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‘Lightning can’t strike twice’ and other lightning myths

Find out what the science says.

LITTLE ROCK, Ark. — In 2020, lightning killed more than 17 people across the country, and on average has killed over 20 to 30 people each year before that. 

Meteorologists have used the phrase “when thunder roars, go indoors” many times, and for good reason. That’s because no space outside is truly safe during thunderstorms. 

Here are some lightning myths you should know about: 

It’s common knowledge by now that hiding under a tree is a no-go during a thunderstorm. 

If someone ever has the misfortune of being electrocuted, don’t worry about electrocuting yourself by touching them. The body does not store electric charges after being struck by lightning, so aid the person as needed.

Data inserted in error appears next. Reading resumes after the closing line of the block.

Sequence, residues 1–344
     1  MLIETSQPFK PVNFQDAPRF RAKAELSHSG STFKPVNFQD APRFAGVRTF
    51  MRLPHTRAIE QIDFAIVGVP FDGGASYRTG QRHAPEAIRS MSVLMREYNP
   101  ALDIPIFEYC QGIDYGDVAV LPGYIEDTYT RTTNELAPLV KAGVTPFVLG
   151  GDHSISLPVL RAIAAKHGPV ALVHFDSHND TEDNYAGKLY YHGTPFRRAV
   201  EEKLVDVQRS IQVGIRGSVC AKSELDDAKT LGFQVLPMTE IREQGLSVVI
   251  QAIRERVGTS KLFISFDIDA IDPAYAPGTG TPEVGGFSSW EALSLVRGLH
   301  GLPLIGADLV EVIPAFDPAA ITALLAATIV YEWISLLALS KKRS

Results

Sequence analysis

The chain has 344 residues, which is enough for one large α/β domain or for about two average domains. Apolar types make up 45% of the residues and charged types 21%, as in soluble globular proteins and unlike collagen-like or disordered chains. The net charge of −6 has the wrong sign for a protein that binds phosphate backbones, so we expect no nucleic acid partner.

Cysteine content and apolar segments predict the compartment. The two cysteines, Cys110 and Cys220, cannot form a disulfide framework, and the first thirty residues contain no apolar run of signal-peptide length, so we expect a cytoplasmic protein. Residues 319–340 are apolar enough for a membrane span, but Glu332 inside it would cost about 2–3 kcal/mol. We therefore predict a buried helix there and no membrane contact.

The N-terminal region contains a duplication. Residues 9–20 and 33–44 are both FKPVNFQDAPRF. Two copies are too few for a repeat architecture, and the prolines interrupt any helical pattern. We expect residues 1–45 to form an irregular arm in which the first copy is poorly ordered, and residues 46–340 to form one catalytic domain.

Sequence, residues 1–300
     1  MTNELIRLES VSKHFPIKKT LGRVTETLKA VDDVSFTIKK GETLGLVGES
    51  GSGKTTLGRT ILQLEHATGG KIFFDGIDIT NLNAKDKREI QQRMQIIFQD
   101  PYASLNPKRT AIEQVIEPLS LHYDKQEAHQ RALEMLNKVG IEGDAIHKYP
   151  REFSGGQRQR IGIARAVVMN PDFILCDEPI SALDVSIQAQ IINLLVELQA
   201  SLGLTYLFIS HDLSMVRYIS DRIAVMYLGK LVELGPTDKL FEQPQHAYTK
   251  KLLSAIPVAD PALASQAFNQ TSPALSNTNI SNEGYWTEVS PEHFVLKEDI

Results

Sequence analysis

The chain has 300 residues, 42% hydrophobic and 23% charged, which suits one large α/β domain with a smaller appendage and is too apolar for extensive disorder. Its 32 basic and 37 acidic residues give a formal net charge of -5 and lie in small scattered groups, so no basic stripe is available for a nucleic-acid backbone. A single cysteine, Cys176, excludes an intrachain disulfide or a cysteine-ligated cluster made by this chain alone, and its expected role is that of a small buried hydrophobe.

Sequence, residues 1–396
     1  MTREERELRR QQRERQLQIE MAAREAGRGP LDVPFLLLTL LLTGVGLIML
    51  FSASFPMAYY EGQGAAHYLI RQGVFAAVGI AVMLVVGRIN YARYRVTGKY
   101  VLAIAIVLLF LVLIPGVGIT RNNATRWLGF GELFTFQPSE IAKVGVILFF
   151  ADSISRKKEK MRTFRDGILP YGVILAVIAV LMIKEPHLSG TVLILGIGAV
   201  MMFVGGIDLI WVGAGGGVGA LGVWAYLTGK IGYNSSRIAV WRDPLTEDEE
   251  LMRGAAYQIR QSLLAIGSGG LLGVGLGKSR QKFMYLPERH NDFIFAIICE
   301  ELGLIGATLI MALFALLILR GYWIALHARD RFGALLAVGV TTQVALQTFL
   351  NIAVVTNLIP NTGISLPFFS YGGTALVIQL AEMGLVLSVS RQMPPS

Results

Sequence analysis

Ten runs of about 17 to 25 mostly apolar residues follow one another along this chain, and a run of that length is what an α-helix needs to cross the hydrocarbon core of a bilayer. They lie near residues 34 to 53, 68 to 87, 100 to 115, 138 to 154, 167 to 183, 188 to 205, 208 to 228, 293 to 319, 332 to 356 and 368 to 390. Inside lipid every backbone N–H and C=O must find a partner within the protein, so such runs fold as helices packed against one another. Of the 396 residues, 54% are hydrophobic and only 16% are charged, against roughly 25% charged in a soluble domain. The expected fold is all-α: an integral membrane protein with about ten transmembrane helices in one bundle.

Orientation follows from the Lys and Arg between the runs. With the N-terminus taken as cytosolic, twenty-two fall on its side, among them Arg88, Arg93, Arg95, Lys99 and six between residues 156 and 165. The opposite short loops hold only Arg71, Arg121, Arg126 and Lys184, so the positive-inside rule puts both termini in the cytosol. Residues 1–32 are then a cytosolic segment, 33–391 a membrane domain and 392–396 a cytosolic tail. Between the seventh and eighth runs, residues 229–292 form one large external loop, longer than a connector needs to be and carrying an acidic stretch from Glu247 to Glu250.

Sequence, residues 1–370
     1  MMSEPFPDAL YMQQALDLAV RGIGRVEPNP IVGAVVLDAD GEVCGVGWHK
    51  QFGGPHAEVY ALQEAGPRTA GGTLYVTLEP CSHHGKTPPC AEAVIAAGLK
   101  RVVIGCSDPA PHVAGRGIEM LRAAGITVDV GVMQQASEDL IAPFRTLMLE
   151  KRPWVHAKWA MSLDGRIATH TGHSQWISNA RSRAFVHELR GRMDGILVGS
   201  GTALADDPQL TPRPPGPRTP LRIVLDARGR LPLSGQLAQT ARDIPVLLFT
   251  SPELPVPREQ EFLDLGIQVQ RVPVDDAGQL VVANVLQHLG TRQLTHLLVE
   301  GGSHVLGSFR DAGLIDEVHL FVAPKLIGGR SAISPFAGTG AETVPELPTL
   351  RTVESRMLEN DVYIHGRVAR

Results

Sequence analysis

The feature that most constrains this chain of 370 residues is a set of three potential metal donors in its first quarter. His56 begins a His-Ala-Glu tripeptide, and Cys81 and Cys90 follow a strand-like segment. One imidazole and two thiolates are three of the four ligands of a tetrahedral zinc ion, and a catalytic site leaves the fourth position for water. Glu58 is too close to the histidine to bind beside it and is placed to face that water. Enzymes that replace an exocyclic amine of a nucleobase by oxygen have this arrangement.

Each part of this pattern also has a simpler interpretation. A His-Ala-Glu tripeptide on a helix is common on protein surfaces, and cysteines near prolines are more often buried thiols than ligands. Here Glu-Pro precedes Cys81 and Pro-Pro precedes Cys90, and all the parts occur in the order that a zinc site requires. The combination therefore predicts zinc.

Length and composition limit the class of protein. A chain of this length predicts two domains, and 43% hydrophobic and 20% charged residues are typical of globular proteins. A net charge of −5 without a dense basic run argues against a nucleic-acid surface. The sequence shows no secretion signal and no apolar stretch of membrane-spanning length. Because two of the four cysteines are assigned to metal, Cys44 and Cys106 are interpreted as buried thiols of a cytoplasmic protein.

Another common myth: Lightning never strikes twice in one place. That is false. 

It happens many times, especially with tall buildings or skyscrapersThe Empire State Building, for an example, is hit over 20 times a year by lightning. 

Growing up, you’ve probably been told to turn off or unplug devices during a thunderstorm and not take shower because you could get electrocuted. 

Strangely enough, its possible in rare cases for one to get electrocuted when taking a shower. 

Even the CDC has a section covering severe weather where they highlight that you should avoid taking showers or doing the dishes during a storm. The reason for that is lightning can travel through the plumbing. 

Don’t let these facts shock you! If you’re mindful of any thunderstorms in the vicinity, your odds of being struck usually stand at about 1 and 500,000.